merchandise is delivered to dispenser chute 26.  Simultaneously, inventory sensor 94 electronically records the transaction and stores the accumulated inventory information for subsequent transmittal to inventory control 108.  The monies received are
likewise recorded electronically by dollar bill changer 60 and coin box 38 and transmitted via vending machine modem 11 and central computer 110 to comptroller 106.


A customer using credit card reader 40 inserts an appropriate credit card along with the personal encoding information.  Central computer 110 verifies the authenticity of the credit card and the authorization code thereby activating vending
machine 10 to deliver the merchandise selected at selector 30.  Simultaneously, a receipt is printed by printer 70 while controller 106 records the transaction and inventory control 108 records the merchandise sold and deducts the same from the inventory
record of vending machine 10.


At all times a visual message can be displayed on screen 50 not only to impart operating instructions to the consumer but also to carry merchandise advertising as well as paid advertising for products or services remote from the merchandise sold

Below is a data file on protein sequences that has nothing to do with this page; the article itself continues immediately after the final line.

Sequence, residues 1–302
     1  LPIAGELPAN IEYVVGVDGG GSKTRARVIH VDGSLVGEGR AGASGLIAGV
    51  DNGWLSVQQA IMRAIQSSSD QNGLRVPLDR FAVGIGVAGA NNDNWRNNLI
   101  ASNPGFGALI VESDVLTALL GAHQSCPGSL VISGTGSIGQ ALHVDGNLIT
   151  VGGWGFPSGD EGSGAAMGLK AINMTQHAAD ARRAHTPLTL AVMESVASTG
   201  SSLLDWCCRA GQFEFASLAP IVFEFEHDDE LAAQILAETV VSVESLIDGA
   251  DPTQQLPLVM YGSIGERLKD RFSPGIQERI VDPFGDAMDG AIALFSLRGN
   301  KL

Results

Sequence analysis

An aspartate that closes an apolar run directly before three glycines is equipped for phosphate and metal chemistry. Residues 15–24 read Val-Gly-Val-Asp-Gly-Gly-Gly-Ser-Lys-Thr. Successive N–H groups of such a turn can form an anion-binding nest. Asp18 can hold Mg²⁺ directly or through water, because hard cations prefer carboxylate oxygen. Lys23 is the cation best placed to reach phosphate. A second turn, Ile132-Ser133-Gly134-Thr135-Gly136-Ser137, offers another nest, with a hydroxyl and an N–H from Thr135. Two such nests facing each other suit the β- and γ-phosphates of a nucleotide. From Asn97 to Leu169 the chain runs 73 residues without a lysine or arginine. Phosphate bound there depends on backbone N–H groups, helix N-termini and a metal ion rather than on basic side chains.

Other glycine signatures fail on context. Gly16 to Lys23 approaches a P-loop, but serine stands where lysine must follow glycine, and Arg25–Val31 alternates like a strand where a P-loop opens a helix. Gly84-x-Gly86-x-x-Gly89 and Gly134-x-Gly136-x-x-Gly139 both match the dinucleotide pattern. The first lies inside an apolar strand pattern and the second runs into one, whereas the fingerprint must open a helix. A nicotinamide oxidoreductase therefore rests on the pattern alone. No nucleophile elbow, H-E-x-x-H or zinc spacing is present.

through vending machine 10.  Speaker 80 can also be used in conjunction with screen 50 to transmit the foregoing or supportive information verbally.


Security for vending machine 10 is supplied by several features among which are impact sensor 92 and alarm 86.  Impact sensor 92 is designed to sense untoward motion such as sharp blows, tilting, or the like.  Even an unauthorized attempt to move
vending machine 10 will result in impact sensor sending an alarm signal via alarm 86 and vending machine modem 11 to central computer 110.  The resulting alarm signal is then sent to security 102 where the appropriate response is initiated.  One response
will be for security 102 to alert the local police, building security, or even the building maintenance personnel in the building where vending machine 10 is located.  Simultaneously or separately, as the case may be, security 102 can activate either or
both of microphone 82 and speaker 80.  Through microphone 82 security 102 can listen to the ambient sounds around vending machine 10 and thereby possibly obtain sufficient information to enable security 102 to initiate the appropriate action.  One such
action would be to broadcast the appropriate verbal message through speaker 80.  In most instances such a verbal message should be sufficient to deter further attacks on vending machine 10.  If such deterrence is ineffective, the appropriate law
enforcement or security personnel can be alerted to the problem giving the precise location of vending machine 10.